Report on the CHSWC Public Fact-Finding Hearing

Workers'Compensation Anti-Fraud Activities
CHSWC Members

James J. Hlawek, Chairman

Leonard McLeod

Gerald O'Hara

Tom Rankin

Kristen Schwenkmeyer

Robert B. Steinberg

Darrel "Shorty" Thacker

Gregory Vach

CHSWC Executive Officer

Christine Baker

State of California

Department of Industrial Relations

September 1997



As partial fulfillment of its responsibilities to evaluate the impact of the workers' compensation reform legislation, the Commission on Health and Safety and Workers' Compensation decided to examine California's workers' compensation anti-fraud activities.


Public fact-finding hearing

To assist in this examination, CHSWC conducted a public fact-finding hearing on workers' compensation anti-fraud activities on Thursday, February 20, 1997 at the Junipero Serra State Building in Los Angeles.

The purpose of the fact-finding hearing was to bring representatives from the California workers' compensation 1 community and other interested persons together

  • To discuss California's workers' compensation anti-fraud activities, and

  • To determine if legislative or administrative changes may be needed to improve workers' compensation fraud detection and prosecution.

Draft Report Review and Comments

From the oral and written testimony at the fact-finding hearing, CHSWC developed draft findings and recommendations for legislative and/or administrative changes to improve anti-fraud activities.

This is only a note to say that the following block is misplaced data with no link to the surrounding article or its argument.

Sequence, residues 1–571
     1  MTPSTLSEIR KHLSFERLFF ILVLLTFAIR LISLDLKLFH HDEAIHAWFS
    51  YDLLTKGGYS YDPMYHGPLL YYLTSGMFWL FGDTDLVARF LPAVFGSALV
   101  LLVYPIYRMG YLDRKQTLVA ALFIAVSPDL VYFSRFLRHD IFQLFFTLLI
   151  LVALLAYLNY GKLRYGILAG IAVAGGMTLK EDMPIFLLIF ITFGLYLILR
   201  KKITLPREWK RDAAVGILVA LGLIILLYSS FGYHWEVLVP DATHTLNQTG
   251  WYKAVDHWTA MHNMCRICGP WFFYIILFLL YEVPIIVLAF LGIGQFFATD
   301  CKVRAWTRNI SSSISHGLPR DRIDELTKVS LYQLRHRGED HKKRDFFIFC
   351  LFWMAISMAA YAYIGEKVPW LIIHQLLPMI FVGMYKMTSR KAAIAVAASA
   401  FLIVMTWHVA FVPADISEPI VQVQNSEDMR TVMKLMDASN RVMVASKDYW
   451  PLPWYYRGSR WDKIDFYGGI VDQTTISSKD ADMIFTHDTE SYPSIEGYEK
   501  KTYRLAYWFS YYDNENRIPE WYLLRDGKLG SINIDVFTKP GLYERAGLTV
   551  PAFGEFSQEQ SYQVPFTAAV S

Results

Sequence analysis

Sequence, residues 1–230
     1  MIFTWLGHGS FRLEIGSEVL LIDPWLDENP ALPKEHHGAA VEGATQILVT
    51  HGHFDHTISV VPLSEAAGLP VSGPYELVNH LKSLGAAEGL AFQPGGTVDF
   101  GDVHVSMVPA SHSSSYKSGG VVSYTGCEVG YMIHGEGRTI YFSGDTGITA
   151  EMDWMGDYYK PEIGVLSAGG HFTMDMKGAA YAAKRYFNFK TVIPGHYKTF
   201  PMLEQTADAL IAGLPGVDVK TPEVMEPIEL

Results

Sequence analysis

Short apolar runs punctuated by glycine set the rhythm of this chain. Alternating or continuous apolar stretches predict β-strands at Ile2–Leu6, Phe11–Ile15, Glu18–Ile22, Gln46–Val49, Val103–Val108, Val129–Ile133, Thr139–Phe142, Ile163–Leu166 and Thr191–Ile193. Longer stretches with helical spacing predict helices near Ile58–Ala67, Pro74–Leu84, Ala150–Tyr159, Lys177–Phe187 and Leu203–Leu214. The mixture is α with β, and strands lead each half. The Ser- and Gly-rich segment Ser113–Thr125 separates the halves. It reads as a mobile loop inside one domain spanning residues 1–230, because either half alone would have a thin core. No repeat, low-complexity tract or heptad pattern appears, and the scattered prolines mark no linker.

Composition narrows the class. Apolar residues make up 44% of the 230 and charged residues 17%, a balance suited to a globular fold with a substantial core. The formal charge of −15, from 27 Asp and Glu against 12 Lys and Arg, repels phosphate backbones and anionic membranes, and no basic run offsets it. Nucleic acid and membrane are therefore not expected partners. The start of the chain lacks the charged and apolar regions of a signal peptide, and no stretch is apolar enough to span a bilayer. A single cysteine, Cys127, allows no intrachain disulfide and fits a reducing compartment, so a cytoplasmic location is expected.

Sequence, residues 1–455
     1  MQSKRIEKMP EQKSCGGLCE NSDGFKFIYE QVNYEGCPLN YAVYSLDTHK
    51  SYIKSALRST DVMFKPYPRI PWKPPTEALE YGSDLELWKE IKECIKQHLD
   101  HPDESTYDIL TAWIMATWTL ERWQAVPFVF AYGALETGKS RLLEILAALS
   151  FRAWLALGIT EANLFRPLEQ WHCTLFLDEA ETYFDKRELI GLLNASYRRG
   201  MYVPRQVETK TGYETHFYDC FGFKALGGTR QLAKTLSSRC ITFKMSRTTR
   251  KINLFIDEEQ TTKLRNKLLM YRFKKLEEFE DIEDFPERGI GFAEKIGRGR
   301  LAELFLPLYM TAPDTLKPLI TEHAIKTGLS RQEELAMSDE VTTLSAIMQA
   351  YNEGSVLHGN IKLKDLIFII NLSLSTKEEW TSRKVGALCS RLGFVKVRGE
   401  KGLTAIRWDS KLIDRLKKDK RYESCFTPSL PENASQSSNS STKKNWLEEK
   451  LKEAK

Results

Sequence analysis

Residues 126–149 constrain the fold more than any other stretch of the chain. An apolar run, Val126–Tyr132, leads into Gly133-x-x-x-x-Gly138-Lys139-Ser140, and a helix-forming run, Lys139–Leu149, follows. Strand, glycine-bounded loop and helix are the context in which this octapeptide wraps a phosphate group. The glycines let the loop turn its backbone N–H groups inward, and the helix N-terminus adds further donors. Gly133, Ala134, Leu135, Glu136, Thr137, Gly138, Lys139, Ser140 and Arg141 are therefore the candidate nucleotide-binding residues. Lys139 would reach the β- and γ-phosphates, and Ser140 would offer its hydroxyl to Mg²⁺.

Since specific responsibilities for dealing with workers' compensation fraud are assigned to the Fraud Assessment Commission and the Department of Insurance, the draft findings and recommendations were shared with those agencies for review and comment.

Comments from those agencies regarding the draft findings and recommendations were incorporated into this final report.

Final CHSWC Report

The Commission has adopted those findings and recommendations supported by the Department of Insurance and the Fraud Assessment Commission. They are contained in the report section entitled "Findings and Recommendations" annotated with applicable comments from those agencies.

The report section entitled "Acknowledgments and Thanks" lists those people and organizations that submitted oral and/or written testimony for the fact-finding hearing. The Commission appreciates their interest and involvement in a project dealing with a significant aspect of the California workers' compensation program.

Report Availability

This report may be reproduced as needed, as long as appropriate attribution is given to the Commission on Health and Safety and Workers' Compensation.

This report is also available on the Internet. The address locates the website of the California Department of Industrial Relations. The Commission on Health and Safety and Workers' Compensation may be accessed under either "Workers' Compensation" or "Occupational Safety and Health" on DIR's home page.

Next Steps

The Commission will host an"Anti-Fraud Roundtable" for the community and the public to discuss those draft findings and recommendations not supported in their current form by the DOI and the FAC.

The Commission may subsequently issue a supplemental report with additional findings and recommendations.